Home > Lai Kok Fung > Mobile Entertainment Comes of Age, Revealing a Treasure Trove of Opportunities for Brand Engagement

Mobile Entertainment Comes of Age, Revealing a Treasure Trove of Opportunities for Brand Engagement

By KF Lai, CEO

Anyone who still believes that mobile gaming is the domain of the spotty teenage boy urgently needs to update their thinking. All age groups are now engaging in regular and immersive mobile entertainment activity on their mobile phones, and the proportion of women playing mobile games is rising fast. Those agencies and brands that understand the new dynamics of mobile entertainment can take advantage of this powerful channel to reach mainstream consumers with “byte size” commercial or branded messages.


Mobile entertainment has certainly come of age. Whereas consumers previously indulged in ‘casual snacking’, the mobile lifestyle has become more structured and sophisticated, resulting in significant growth of immersive and regular mobile gaming activity across all demographics. 42 percent of consumers in the UK now use a smartphone[1]. Only 9% of mobile users globally claim that they have never played games on their mobiles.


Advertiser activity has increased too, with investment in the marketing of games, music and lifestyle content growing consistently over the past few years. That adspend is obviously generating results, with 46% of mobile users having purchased virtual products such as games, ringtones and MP3s.

Changing demographics

Many marketers still fall into the trap of thinking that mobile entertainment is all about the teenage market. The typical mobile user is aged between 20 and 25, and more mature gamers are beginning to emerge. The over-40s market is growing particularly fast, and already makes up 12% of gamers in the US, 19% in South Africa and 8% in Malaysia

Although the mobile gaming market has traditionally been male-dominated, we’re starting to see the rise of female gamers (they already make up 29% globally). Countries leading the way here are the US and Thailand (both 49% female), and South Africa (47% female).

Interestingly, both men and women share a preference for action and adventure games (41%) followed by sports and racing games (21%). 8% of users prefer social apps, and 9% prefer puzzles.

Regular engagement

Mobile users are no longer so casual about gaming. There’s structured regularity in both the discovery and consumption of games. 32% of consumers download new games sporadically, and a majority (46%) demonstrate a weekly or fortnightly regularity in their download activity. 40% of gamers play every day.

Games are being relied on more than ever as recreational time-fillers, and we can see patterned breaks such as after work, while waiting, or before sleep. 32% of users claim that they will play a mobile game ‘at every chance they get’.

Most mobile users know precisely what they want. Their preferences suggest sophisticated plotlines beyond the traditional idea of casual games. Role-playing games, multi-level quests, social games and strategy games all require interaction, engagement and skill development over time. 46% of users play to learn something new, or to get the most out of their phones.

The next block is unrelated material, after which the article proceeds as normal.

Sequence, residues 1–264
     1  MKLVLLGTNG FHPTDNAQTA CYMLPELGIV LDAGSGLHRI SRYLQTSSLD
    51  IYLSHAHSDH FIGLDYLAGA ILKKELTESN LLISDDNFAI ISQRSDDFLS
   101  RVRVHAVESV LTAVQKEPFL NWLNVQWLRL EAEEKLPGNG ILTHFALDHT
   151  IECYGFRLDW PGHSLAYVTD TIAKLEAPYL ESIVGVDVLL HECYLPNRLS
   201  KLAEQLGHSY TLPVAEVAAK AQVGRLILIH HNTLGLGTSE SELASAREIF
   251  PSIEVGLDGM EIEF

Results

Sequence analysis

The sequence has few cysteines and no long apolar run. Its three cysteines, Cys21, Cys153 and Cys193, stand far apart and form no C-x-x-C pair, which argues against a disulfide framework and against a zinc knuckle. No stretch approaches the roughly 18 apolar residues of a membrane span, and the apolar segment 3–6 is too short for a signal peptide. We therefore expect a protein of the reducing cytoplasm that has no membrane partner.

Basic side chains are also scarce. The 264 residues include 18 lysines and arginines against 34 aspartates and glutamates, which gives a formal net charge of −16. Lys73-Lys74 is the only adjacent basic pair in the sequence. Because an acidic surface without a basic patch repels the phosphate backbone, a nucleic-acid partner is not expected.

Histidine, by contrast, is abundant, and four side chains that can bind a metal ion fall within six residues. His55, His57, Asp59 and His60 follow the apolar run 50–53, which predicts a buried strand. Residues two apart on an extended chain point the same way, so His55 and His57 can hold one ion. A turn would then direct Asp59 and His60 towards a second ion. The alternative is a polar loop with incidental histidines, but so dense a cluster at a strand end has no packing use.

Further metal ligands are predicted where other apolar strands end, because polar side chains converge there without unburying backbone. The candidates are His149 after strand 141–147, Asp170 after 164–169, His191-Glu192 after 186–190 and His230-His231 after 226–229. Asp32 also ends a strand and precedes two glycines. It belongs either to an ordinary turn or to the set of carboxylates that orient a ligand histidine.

We’re also seeing discernment, prior knowledge and background thinking when it comes to purchasing decisions. Based on user search behaviour, a significant portion of downloads come from users who are already aware of the game title that they’re looking for, and less dependence on discovery.

With all the games on the market, you’d be forgiven for thinking it’s impossible to create a new game that will be of interest to the mobile user. In fact, 12% claim they can’t find what they want. Our research showed that users felt that many games did not cater to their age or vocation, or teach them something new – a clear market opportunity for games developers.

What opportunities are there for marketers?

Whereas mobile gaming might once have been viewed as a simplistic activity that users stumbled upon, marketers are now learning that mobile entertainment is a mainstream activity, and a set of targetable consumer products.

So if you’re looking for the next opportunity in mobile entertainment, where do you start? With the significant regularity of user interaction (both playing and downloading new games), ad-supported games or advergames look to be a good opportunity – particularly where branding is a key campaign objective.

Distribution is crucial, and you’ll need to collaborate with platforms that encourage discovery, and make use of every media opportunity to build consumer awareness prior to download.

With all the hype around top-end smartphones, particularly handsets such as the iPhone, it may be tempting to focus on developing for this segment exclusively. Don’t forget, however, to direct some resources toward feature phones too – they still make up a significant segment of the market, and could well be low-hanging fruit.

Consider the longevity of your game too. It goes beyond the length of a single campaign, so plan for a lifespan of at least 1+ years.

Opportunities exist to create games or applications that target a female audience (our data shows this is clearly a growing market). There are also opportunities for recreational applications, or games that can be used as much for stress relief as mental exercises.

With a wide and growing variety of channels available to reach the mobile user, it is crucial that marketers develop their understanding of the mobile user and his/her behaviour, effectively optimising their content to suit these. By understanding the consumer as well as possible, marketers can reap the rewards of successful mobile campaigns.

This article was originally published in Fourth Source on 1 September 2011.

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